"That already isn't a good start, but the convenience of doing a background check via social media may even make things worse"
Can an employer legally examine a candidate's social media presence as part of the recruitment process?
"The concern about recruiting with social media is primarily one of allowing improper information (such as race, religious beliefs, sexual orientation, etc.) to "taint" the selection process. In addition to including numerous pictures -- which will reveal a candidate's age, sex and race -- social media sites allow and encourage individuals to proclaim their religious and political beliefs. Once an employer reviews the website, it will be charged with knowledge of all this information that should not be included in the hiring process."
I would agree that's a tricky situation. But it does make it look sensible to have a social media in place that will clearly spelt out which off work social media interractions would make employees culpable.
"The law says that companies can only "control" employee behavior when employees are doing something in behalf of the company"
How do we define 'in behalf of the company" in this context? We've seen employees been fired over status uodates that did not go down well with management.
Two questions I may like to ask:
1. Are social media posts considered "free speech"?
If an HR worker is already combing through someone's Facebook profile and Friends to verify education history, why the heck are they not actually checking with the university directly?
I used to work with a university's alumni office. There are a handful of companies that consistently checked with us, while most companies do not. Why they don't is something I don't understand. Doing a proper background check seems to require some ironclad internal policy; not every HR department seems keen on it.
I speculate that there are companies who do verification only when they're suspicious of someone. That already isn't a good start, but the convenience of doing a background check via social media may even make things worse.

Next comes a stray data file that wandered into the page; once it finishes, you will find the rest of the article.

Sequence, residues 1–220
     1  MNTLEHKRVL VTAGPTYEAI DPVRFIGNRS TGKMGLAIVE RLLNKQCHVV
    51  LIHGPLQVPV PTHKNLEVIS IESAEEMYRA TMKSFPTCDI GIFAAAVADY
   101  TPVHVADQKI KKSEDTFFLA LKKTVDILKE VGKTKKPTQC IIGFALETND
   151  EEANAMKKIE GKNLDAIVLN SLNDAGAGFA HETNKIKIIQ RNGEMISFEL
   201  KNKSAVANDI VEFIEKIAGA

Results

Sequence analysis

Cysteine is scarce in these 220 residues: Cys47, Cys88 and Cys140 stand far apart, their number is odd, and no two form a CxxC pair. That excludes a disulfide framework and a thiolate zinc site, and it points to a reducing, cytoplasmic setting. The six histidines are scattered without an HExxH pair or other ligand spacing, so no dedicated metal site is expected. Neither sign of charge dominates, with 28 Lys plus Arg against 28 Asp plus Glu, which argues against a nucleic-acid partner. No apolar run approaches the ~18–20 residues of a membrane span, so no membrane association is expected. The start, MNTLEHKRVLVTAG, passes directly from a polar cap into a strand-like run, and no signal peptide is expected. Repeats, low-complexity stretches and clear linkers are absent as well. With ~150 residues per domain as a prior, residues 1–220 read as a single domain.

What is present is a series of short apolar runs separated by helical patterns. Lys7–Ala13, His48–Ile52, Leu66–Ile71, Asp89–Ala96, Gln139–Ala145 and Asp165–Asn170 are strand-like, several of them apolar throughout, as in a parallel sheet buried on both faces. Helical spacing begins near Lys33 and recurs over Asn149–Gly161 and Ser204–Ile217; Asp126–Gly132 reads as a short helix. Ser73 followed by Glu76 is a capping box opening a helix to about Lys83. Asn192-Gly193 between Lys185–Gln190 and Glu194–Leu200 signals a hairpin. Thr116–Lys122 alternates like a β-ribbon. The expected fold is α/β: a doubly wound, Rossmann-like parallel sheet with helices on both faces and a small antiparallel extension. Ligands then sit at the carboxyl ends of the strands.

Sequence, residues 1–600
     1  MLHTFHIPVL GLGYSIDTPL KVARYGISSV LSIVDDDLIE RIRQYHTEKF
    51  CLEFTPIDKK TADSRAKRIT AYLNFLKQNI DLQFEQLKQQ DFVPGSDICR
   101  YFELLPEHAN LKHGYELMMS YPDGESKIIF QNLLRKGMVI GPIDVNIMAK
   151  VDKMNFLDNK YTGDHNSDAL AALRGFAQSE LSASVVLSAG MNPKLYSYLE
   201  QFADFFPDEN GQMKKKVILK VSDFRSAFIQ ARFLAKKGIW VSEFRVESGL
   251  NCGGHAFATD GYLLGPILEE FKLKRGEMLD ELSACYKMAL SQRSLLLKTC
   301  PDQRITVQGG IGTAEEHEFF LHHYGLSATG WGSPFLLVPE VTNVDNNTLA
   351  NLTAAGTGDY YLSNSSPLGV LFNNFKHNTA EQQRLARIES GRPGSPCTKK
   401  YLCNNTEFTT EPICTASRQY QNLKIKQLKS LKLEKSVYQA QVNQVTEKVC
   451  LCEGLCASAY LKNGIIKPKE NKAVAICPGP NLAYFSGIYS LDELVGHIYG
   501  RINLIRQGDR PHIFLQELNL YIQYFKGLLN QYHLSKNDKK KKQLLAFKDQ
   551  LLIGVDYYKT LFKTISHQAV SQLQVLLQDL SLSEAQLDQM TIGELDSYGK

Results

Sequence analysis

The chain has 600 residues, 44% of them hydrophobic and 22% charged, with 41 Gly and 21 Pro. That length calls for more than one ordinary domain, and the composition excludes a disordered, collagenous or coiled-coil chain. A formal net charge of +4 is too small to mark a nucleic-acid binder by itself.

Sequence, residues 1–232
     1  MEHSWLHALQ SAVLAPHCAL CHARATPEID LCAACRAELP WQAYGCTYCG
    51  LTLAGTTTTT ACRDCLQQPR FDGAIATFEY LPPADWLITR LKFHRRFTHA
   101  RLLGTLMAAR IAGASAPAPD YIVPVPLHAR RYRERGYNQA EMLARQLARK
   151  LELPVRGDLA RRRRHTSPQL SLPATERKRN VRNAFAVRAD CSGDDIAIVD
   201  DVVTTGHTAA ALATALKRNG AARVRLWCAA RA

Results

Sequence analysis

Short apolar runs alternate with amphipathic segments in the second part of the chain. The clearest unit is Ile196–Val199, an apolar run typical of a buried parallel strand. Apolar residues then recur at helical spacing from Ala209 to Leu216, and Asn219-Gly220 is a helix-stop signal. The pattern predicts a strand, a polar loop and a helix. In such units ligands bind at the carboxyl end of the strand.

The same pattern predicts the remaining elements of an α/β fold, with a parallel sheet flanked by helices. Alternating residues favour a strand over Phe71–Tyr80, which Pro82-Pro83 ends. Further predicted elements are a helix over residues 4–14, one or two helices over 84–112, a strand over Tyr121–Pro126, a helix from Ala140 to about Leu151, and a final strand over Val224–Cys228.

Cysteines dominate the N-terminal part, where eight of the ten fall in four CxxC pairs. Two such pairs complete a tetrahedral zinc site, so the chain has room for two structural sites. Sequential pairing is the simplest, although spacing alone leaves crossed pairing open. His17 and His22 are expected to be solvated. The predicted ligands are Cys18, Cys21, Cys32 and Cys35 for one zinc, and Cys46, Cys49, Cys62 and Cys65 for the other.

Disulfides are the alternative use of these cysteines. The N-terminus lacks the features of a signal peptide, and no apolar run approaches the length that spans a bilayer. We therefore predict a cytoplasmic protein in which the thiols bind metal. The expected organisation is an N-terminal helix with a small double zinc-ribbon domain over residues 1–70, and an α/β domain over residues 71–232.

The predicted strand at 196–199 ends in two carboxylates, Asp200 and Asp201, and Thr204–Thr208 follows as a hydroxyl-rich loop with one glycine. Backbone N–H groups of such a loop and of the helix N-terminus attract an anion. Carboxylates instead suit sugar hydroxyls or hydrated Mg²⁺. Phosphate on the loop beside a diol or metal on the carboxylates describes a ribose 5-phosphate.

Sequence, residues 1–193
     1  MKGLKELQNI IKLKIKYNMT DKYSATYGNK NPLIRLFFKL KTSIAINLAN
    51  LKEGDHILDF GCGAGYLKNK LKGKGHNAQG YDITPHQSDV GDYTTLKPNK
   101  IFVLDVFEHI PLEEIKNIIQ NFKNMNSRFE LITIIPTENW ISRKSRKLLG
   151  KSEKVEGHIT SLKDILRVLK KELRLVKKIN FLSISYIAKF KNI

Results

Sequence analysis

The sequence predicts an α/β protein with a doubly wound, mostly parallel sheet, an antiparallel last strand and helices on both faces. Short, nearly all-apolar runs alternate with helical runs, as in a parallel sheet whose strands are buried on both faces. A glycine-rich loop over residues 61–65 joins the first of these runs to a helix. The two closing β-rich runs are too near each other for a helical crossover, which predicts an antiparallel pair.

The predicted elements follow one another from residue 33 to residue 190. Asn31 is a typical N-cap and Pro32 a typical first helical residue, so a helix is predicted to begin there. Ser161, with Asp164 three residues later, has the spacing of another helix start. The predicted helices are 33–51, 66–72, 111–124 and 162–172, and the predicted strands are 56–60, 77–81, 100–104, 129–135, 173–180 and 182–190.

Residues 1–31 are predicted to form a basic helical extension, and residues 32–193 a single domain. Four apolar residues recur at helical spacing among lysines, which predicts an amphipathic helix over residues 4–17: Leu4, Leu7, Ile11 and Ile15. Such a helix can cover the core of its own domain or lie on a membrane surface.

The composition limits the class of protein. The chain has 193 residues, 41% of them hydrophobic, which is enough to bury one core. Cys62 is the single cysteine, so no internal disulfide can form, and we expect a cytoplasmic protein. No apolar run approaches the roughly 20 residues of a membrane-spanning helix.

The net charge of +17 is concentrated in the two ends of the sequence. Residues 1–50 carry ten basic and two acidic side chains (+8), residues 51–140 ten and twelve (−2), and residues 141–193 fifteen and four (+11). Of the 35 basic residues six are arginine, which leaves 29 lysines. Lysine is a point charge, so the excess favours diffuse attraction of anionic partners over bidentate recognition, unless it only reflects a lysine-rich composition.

The law says that companies can only "control" employee behavior when employees are doing something in behalf of the company. So--if they are representing the company in off hours, that could potentially qualify. For the most part, though, employees (when they are off work) are free to use social media as they choose.
Do you think it is a good move for companies to develop two social media policies, one ccovering emplyees social media interractions in the workplace and the other dealing with employees social media engagements during non-working hours/periods?
"I think there is a huge disconnect in the HR world about fairness vs. misguided effort. Organizations, for instance, praise diversity, but evaluate employees on how they fit in, rewarding those who are the least diverse."
Yes. IMO, organizations have gone in the wrong direction where they reward less the employees who are good at performance but less effective socially and the opposite ones i.e. those who are good at communication and average at performance take the lead. If you are taking social presence into account while developing performance appraisals, you are doing the same mistake again. I am only a supporter of evaluating a candidate at the recruitment stage.
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